52 Documents in 52 Weeks #24: Missing Twigs on the Tree Turn Up in MO Digital Heritage

Missouri Digital Heritage is another of my very favorite websites. The online database of death certificates keeps churning out answers to many of the mysteries in my husband’s extended Williams family.

Philip A. Pryor is actually one of his closer Williams relatives as he married into the William Williams and Judith Saunders branch, who are my husband’s direct ancestors. William and Judith, both born in the mid 1700s married in Cumberland County, Virginia, migrated to eastern Tennessee and eventually settled in Marion County, which is a major burned county, having lost most of its records in a 1922 fire.

The Pryors are quite difficult to research because there were a zillion of them and they used the same given names over and over again.

I had sorted out the family of Philip A. Pryor who married Elizabeth Helen McCain about 1855, probably in Missouri, but possibly elsewhere. Philip was born c1835, likely in Marion County, Tennessee. He died about 1865; family lore says he was on his way home from the war, but no other details have survived. In any case, he is last found in the 1860 census in Texas County, Missouri as:

Philip Pryor, 35, born TN
Helen E., 31, born TN
John N., 5, born MO
Sarah, 3
Wm., 1

Helen was actually born in Alabama, according to other records and Philip’s age might have been reported by Helen, self conscious that her husband was about 5 years younger than her, not 4 years older.

Philip was alive as late as 9 February 1864, when he took an oath of allegiance in Texas County.

The description gives his age as 28, he was 6′ 1″ tall, his eyes were light gray and he had black hair.

I had searched numerous times to try to pick up this family’s trail, but found nothing. They were nowhere to be found in 1870.

When Missouri Digital Heritage came online, I began searching for various family members because many who left the southern coastal states ended up in Missouri. I finally took another look at this family and searched for death certificates for John N. and William Pryor, hoping that they remained in Missouri.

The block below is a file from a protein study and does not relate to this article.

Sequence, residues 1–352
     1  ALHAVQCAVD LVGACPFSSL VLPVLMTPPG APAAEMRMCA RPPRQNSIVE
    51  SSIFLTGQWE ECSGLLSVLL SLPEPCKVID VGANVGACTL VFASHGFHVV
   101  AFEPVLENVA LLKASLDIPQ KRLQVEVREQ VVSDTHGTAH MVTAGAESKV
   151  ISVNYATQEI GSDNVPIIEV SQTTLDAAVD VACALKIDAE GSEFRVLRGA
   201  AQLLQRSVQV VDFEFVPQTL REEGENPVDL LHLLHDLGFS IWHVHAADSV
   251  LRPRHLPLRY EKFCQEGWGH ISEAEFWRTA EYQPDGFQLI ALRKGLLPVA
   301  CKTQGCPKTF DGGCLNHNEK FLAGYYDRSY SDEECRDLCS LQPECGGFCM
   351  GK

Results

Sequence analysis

I found each of them:


John Neely Pryor Death Certificate


William Carroll Pryor Death Certificate

John’s informant mistakenly gave his father’s name as Neely Pryor – who was actually his grandfather – but his mother was named as Helen McCain. William’s death certificate gave his parents as “Phil” Pryor and Helen McCain.

I poked around Missouri Digital Heritage and census records some more and found their mother’s death certificate. She died in Wright County in 1910:


Elizabeth Helen McCain Pryor Young Death Certificate

Helen, or Elizabeth as she was sometimes called, remarried at least once. In her later years, she married Archibald Young. She may have remarried shortly after the Civil War, which could be why I haven’t found the family in 1870.

Another son, Robert Torney Pryor, was added to the family when Elizabeth Young was discovered living with his family in 1900. No image is added because the census record is a bit faded and the family is split on two pages.

I have not found any record of daughter Margaret E., born c1857 after the 1860 census. I don’t know whether she died young or married and died as a young adult, but Elizabeth reported having given birth to six children with three surviving in 1900. The three children would be sons John Neely, William Carroll and Robert Torney Pryor.

TIP: If you have missing leaves on your tree and the family lived in Missouri, try checking death certificates for those who may have survived past 1900. Missouri Digital Heritage is so easy to use!

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